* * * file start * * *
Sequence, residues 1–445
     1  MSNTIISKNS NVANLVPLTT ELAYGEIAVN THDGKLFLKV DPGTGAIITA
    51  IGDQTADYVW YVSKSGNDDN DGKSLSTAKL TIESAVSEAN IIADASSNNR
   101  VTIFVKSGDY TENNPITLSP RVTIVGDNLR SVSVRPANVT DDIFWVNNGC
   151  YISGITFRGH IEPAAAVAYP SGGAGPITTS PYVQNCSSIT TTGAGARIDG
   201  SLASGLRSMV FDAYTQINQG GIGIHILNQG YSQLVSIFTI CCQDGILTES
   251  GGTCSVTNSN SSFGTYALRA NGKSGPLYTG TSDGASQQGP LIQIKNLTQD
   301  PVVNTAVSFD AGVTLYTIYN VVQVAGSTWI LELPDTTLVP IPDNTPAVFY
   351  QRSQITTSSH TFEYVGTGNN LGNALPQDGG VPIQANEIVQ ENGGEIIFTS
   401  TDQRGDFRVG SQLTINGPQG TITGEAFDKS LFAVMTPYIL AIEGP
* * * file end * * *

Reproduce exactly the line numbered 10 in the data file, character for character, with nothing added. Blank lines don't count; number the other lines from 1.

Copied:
   401  TDQRGDFRVG SQLTINGPQG TITGEAFDKS LFAVMTPYIL AIEGP